Co-Director and Theatre Y Artistic Director Melissa Lorraine - Graduating from Northern Illinois University with a B.F.A. in acting, Lorraine became a company member of Studio K in Budapest, Hungary. Co-founding Theatre Y with now deceased Director Christopher Markle. Premiering the English language version of Transylvanian writer András Visky’s JULIET with over two hundred performances worldwide. Starring in Visky’s I KILLED MY MOTHER, earning a Chicago’s Best Actress Orgie Award. Lauded by The Chicago Reader for turning even an “overwritten” and “implausible script” into “probing, harrowing, hallucinogenic truth,” for her Directorial work on VINCENT RIVER. In 2013 Lorraine directed the world premiere of THE BINDING, a collaboration between Theatre Y and two acclaimed Serbian/Hungarian choreographers, which was a cover feature of the Chicago Reader. Collaborating with Georges Bigot for one year (2015-16), Lorraine developed the Theatre Y Ensemble of 12 actors, according to the traditions of the Theatre du Soleil. She now leads this ensemble to discover a common language and a new way to work, searching for a way to make theater without the “dictator”.

Co-Director and Theatre Y Ensemble Member Héctor Álvarez -  writer, actor and director from Spain based in Chicago. He has studied non-Western theater traditions in China, Japan and Indonesia, and in 2008 received a Watson Fellowship to research community-based performance in Latin America. He has a BA in Theater from Macalester College and an MA in Modern English Literature form University College London.He has trained with Augusto Boal, Peter Schumann, Malte Lambrecht, Guillermo Heras, Georges Bigot and Anne Bogart, and has performed in more than 20 productions. He has been an ensemble member of Theatre Y since 2015. In 2017 he presented his one-man show about gun violence The Ghoul Exhibition (directed by Melissa Lorraine), described by The Chicago Reader as “A deeply affecting solo show. Truly audacious.”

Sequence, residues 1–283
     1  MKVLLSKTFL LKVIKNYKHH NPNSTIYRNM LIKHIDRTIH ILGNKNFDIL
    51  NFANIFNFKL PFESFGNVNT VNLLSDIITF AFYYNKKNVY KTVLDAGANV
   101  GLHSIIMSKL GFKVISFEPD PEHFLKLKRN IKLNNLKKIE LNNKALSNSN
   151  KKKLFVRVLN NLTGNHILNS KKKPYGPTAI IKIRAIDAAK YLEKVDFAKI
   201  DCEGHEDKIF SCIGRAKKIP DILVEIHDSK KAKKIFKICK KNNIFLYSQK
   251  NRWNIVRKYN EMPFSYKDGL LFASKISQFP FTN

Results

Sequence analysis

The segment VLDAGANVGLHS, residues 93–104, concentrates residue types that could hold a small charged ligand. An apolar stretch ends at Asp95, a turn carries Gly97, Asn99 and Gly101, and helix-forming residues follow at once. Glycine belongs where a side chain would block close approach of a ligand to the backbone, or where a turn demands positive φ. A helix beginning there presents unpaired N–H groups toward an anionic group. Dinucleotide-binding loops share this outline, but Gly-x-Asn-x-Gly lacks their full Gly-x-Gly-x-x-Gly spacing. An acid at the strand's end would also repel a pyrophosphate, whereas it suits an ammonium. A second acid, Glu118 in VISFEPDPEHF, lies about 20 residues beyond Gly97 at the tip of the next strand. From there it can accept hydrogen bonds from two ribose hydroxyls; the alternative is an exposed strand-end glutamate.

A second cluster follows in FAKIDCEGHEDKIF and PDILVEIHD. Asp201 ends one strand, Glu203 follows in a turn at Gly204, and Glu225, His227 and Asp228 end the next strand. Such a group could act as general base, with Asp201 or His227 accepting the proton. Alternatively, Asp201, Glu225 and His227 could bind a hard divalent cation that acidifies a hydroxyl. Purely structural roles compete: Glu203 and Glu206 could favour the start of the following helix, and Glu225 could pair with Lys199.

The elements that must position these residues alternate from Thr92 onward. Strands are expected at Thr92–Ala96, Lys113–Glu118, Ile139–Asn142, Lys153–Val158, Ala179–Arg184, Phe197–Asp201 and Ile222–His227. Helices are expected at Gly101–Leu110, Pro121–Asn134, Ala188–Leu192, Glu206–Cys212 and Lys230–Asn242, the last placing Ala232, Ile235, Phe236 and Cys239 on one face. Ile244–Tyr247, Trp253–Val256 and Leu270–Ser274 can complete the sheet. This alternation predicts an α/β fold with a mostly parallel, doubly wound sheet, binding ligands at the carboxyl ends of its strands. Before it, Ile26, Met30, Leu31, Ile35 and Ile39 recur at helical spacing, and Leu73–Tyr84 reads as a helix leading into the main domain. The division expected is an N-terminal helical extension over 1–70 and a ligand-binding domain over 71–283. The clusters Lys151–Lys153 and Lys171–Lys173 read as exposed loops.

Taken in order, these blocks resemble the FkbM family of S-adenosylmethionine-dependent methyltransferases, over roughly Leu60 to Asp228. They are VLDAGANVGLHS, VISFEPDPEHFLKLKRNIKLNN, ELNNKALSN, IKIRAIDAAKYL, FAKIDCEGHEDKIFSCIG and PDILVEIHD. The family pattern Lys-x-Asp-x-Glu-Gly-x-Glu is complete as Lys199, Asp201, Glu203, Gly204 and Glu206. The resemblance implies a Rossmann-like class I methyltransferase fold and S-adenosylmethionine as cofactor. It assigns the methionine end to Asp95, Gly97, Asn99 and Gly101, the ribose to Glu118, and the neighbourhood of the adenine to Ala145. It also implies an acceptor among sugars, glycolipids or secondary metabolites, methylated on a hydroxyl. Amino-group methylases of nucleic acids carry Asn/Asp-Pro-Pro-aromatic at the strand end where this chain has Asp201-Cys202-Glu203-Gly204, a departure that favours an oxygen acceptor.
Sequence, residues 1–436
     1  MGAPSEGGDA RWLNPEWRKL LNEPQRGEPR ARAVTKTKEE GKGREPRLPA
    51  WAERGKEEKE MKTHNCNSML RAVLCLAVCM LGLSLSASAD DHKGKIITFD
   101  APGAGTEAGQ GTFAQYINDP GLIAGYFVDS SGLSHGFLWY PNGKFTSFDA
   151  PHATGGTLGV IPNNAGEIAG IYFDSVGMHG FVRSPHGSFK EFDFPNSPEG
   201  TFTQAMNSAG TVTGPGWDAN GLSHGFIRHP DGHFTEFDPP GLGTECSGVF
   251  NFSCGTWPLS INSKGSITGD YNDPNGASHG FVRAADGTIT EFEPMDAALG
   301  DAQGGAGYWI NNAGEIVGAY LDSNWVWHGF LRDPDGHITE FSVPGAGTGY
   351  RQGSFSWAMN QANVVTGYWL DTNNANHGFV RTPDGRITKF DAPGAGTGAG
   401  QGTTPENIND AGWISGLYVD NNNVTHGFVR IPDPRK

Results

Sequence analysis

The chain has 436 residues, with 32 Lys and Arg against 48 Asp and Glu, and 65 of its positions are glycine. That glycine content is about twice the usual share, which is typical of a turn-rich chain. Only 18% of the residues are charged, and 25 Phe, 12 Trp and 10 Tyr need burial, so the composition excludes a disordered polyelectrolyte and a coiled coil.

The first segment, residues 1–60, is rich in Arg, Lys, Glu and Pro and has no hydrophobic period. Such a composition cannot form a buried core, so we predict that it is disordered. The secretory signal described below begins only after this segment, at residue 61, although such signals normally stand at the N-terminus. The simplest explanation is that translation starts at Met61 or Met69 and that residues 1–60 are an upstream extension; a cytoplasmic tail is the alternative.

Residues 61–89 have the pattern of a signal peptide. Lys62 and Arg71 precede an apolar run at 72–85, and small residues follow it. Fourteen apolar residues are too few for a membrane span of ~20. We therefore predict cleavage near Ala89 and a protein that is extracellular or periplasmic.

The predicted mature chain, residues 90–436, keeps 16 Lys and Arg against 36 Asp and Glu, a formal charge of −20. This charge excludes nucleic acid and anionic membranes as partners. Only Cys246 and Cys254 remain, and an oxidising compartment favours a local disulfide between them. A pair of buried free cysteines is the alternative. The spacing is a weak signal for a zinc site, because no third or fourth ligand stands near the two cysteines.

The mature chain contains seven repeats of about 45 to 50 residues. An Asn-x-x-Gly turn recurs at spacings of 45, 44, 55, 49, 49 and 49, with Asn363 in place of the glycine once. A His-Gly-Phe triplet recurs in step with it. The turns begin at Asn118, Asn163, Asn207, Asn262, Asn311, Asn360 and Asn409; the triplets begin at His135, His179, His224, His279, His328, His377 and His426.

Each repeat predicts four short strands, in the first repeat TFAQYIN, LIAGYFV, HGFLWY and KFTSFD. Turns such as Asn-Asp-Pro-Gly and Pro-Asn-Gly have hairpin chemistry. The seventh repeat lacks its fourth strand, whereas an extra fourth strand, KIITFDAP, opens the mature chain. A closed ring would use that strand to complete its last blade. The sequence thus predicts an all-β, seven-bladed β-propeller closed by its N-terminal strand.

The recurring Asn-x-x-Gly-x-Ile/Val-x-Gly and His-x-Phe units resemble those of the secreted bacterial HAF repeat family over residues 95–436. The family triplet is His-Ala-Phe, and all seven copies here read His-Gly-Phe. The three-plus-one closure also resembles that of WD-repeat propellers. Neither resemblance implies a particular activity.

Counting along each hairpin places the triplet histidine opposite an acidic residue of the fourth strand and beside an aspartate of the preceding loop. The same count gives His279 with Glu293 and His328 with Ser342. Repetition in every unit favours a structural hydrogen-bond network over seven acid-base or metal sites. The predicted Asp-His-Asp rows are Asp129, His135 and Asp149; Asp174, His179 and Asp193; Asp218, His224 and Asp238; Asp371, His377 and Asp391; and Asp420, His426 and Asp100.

Self-Accusation is translated from the German by Michael Roloff.

The production team includes Kimberly Sutton (Sound Recording), Rachel Levy (Lights), Henry Wilkinson (Set), Rebecca Hinsdale (Costumes), Claire Alston (Dramaturgy), and Alanna Gerardi (Stage Management).

Theatre Y Presents Self-Accusation by Peter Handke March 21-April 28, 2019.

The Ensemble for Self-Accusation: Kris Tori, Adrian Garcia, Nadia Pillay, Pearl Ramsey, Zahrah Pillay, Howard Raik, Arlene Arnone Bibbs, Ishmael Klein, and Anthôny Battle.



Theatre Y

creates challenging and innovative theater that addresses the contradictions of the human experience. The following values and practices form the foundation of our work: 1) We operate as in international laboratory, inviting artists from diverse cultures and backgrounds, because this exchange enriches our work. 2) Inspired by director Anne Bogart, we believe that “all great life-changing work made for the theater has historically been made by companies.” That is why Theatre Y has constituted itself as an ensemble devoted to experimentation and artistic excellence. 3) Continuous, weekly training is critical for the health and development of our ensemble. 4) We make work for our community and have pledged to remove all financial barriers that would exclude anyone.